8. A dry air breather assembly as defined in claim 7 wherein said enclosure has a low-profile, rectangular cross section.

Certain precision equipments, such as the electromechanical Winchester Hard Disk Unit (HDU), are not hermetically sealed and must be provided with breather ports to equalize internal and external (ambient) pressures. Without the equalization of pressures, air leaks may occur through various component seals. Such leaks would permit dust to enter the HDU, thereby causing possible electrical and mechanical malfunctions.

Pressure differentials commonly result from changes in temperature and altitude. As to the former, when an HDU is cold and placed in a warm, ambient environment, internal air is expelled through the breather ports as the unit reaches operating temperature. This condition poses little or no operational problems. However, when a warm HDU is placed in a cold environment, as the unit cools down, ambient air is drawn into the unit through its breather ports. This is the condition which exists when a unit operating at its maximum temperature is turned off and allowed to cool in a cold environment. If it is assumed that the HDU has been operating in high relative humidity greater than its design limit of 80%, then during cool down, moisture enters the unit through the ports and coats the read/write heads and magnetic disk media which are in a "park" position. In this case, the heads and disk media tend to stick to each other inhibiting the restart of the unit. Actually, many attempts at starting may be required before the bond between heads and media is broken. Adverse side effects from the last mentioned procedure are common ----the media surface may be damaged and the media particles which have been broken free in the start attempts constitute a source of further damage to the unit.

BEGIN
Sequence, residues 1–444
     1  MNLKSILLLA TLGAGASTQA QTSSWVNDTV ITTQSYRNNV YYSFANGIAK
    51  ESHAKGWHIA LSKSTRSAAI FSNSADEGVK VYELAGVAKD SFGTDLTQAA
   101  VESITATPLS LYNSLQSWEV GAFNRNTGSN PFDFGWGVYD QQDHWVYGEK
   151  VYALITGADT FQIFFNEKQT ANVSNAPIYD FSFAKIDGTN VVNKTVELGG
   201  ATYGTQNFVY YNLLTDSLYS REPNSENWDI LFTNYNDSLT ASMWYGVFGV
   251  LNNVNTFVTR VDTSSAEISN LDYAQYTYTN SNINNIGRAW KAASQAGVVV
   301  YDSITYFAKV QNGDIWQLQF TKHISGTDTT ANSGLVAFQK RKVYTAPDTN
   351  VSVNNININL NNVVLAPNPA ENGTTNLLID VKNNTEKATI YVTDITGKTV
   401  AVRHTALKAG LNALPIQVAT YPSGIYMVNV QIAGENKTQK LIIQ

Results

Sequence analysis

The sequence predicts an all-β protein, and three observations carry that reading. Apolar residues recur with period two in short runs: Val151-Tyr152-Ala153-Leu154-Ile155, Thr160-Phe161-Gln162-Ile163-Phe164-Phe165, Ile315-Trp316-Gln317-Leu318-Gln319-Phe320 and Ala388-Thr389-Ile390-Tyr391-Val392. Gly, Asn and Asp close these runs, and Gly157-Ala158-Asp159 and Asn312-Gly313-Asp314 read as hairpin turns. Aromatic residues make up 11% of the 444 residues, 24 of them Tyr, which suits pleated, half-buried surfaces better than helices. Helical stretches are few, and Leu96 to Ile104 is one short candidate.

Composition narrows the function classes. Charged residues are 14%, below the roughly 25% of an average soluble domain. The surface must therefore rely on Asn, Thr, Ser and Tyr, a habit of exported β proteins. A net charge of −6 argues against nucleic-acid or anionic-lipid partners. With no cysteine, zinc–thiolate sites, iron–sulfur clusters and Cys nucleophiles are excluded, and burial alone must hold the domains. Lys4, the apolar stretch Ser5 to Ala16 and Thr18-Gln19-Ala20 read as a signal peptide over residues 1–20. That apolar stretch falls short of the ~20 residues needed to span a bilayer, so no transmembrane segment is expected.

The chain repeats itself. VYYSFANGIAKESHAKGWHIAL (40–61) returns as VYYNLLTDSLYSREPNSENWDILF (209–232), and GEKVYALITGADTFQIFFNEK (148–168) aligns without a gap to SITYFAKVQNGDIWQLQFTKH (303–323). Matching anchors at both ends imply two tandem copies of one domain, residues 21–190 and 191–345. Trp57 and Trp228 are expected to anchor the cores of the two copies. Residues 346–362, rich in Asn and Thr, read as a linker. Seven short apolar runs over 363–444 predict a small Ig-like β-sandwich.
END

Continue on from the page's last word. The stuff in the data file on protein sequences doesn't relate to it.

Several factors complicate the elimination of the foregoing moisture problem in the HDU. Normally, HDU's are mounted in very compact module enclosures, which preclude the use of bellows over the breather ports ----the bellows would have permitted internal air to expand and contract without causing the unit to ingest any of the ambient air. Also, the HDU transmits heat to its surrounding air through its housing. Therefore, its exterior surfaces must be free of structures which might impede such heat transfer and additionally, might restrict the free movement of heat-removing air surrounding the unit as provided with the module enclosure. Finally, since the HDU assembly is generally an off-the-shelf, finished product, no auxiliary electrical power terminals or mounting holes are available in the HDU housing to accept a dry air breather device. Therefore the mounting of such a device on the unit is a major consideration.